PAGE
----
Review: Pluma tapas, Old Amersham
Is this the best tapas restaurant in Buckinghamshire? There's only one way to find out! Read on for the Muddy lowdown on Muddy Awards 2021 finalist Pluma in elegant Old Amersham
Stately conservative Old Amersham in South Bucks has had something of a foodie overhaul in the last few years. Adding to the undoubted excellence of the Michelin-starred Artichoke and the quality Gilbey’s, the town now boasts a brilliant, bijou café group The Grocers, the retro-stylish, Soho House-influenced The Griffin bistro and club (plus its more recent pizza offering The Griffling), and most recently… Pluma, a Spanish Kitchen and tapas restaurant on the main high street that’s just taken my tastebuds on holiday.
Pluma opened in July 2020, the brainchild of Charlie (voted employee of the year at Heston Blumenthal’s Michelin-starrred Hinds Head in Bray, no mean feat) and his wife Spanish partner Arantxa. With few Spanish restaurants in the vicinity and the ace of authenticity up their sleeve, they took on the 18th century site and, apart from the stress of last winter’s Covid closures, it’s been happy days ever since.
The restaurant is bigger than you expect from the standard double front exterior. Once inside, you encounter the first eating area – atmospheric, dark and cosy and probably best used for couples, evenings and private parties (you can claim the whole area and sit around 20).
Now go past the bar with its row of stools and keep walking on the Spanish tiles until you reach into a wonderfully light second eating area with clear roof, comfy banquette seating.
Finally there’s a further covered outside terrace for al fresco dining and drinking. Sympathetically and stylishly refurbished, the ancient beams and brickwork marry well with the modern glass extension and its industrial bulb lighting and open kitchen.
Authentic, slick, fun! Spanish music gave atmosphere, the chefs were speaking Spanish in the kitchen, and on the Friday lunchtime I visited the restaurant felt buzzy and cosmopolitan. With a wide ranging menu and quite a few ingredients that no doubt require some explanation to some guests (including this one) , the waiters needed to know their stuff and they did – service was friendly, professional and knowledgable. Thursday, Friday and Saturday nights are apparently super-busy. I can believe it.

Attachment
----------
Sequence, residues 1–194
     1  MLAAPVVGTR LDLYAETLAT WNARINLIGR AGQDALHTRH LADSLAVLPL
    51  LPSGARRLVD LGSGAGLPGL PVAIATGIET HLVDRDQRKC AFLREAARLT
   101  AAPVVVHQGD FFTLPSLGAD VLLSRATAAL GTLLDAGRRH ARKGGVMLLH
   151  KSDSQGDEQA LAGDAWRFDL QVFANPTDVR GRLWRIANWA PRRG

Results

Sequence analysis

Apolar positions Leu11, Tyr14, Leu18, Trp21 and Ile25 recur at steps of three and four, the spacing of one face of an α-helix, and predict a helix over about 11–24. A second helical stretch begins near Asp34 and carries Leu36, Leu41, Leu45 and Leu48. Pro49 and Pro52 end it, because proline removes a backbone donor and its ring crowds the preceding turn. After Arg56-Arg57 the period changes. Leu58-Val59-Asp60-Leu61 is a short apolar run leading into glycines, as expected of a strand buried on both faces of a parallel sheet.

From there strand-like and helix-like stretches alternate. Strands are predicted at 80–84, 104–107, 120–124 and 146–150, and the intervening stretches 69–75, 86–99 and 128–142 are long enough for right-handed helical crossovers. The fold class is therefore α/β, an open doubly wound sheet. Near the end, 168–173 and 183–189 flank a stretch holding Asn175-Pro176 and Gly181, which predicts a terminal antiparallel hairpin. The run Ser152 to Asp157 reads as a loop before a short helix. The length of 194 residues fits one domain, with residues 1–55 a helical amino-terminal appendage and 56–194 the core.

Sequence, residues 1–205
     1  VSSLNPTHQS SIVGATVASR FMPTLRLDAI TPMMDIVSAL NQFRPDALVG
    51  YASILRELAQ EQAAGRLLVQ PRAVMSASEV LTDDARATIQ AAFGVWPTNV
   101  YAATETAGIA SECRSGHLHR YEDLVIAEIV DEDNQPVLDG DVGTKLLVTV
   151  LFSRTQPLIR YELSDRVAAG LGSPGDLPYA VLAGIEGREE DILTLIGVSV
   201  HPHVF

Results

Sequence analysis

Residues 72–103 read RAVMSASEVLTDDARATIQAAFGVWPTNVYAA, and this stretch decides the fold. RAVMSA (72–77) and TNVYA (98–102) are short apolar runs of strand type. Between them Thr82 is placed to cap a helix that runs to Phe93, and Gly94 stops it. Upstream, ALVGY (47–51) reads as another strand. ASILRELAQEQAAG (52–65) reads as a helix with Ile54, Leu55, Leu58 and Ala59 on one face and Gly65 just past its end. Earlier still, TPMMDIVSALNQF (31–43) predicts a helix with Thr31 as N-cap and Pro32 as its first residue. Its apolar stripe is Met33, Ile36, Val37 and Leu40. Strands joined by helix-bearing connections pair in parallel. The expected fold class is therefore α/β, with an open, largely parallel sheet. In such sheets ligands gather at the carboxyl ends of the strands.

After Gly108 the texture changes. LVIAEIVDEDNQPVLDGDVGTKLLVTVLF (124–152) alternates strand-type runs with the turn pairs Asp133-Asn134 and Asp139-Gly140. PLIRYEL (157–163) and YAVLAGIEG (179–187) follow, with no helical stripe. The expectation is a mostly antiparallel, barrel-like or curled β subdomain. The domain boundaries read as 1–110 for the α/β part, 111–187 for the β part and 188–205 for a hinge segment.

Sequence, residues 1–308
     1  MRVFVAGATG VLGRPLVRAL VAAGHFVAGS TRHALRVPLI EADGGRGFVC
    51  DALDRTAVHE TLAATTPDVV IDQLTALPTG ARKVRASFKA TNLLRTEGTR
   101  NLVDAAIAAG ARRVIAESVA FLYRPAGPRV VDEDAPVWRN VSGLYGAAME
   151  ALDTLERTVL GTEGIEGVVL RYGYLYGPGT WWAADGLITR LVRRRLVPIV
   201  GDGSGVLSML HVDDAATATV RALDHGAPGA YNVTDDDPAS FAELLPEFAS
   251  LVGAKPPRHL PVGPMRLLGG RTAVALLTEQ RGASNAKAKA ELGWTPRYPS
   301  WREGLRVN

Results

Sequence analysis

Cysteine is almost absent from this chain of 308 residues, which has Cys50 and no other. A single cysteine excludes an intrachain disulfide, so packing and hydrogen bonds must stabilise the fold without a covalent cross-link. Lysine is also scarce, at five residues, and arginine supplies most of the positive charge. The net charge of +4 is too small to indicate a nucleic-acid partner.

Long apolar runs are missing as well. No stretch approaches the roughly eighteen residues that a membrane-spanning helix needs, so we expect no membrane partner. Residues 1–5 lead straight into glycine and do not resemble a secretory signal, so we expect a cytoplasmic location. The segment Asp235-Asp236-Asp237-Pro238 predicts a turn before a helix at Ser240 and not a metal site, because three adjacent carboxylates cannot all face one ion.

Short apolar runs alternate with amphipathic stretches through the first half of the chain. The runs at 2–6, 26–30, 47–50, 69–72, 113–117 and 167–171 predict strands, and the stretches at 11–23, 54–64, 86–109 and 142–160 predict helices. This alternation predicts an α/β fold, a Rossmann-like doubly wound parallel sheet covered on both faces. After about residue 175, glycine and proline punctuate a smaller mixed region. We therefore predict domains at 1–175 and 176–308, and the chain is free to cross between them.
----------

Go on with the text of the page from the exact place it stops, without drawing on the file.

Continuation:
SCOFF & QUAFF
Let’s just cut to the chase here and say that the food is superb. I took my 12 year old as my plus one, and we dived headlong into the tapas. The signature dish here is hand-cut 100% Acorn fed Iberian pork, and it was extraordinary – rich in flavour, extravagantly marbled and, yes, absolutely, it melted in the mouth. I had to fight for my fair share of it – seriously, it was being funnelled into that pre-teen mouth. We ordered plenty of dishes that you might expect – a lightly-tempured calamari with lime mayo (would have liked a bit more lime bite, but the batter was fabulous); patatas bravas with roasted garlic alioli. But also some really interesting new dishes for me.
A black creamy rice, chargrilled baby squid and garlic saffron alioli was exquisite, the oozy soft rice contrasting with the crisp morsels of baby squid throughout.
And the tour de force, Santa Rosalia Wagyu strip loin, Iberian ham dauphinoise with red mojo – a major investment at £30 but the best money you’ll spend in a restaurant this Autumn.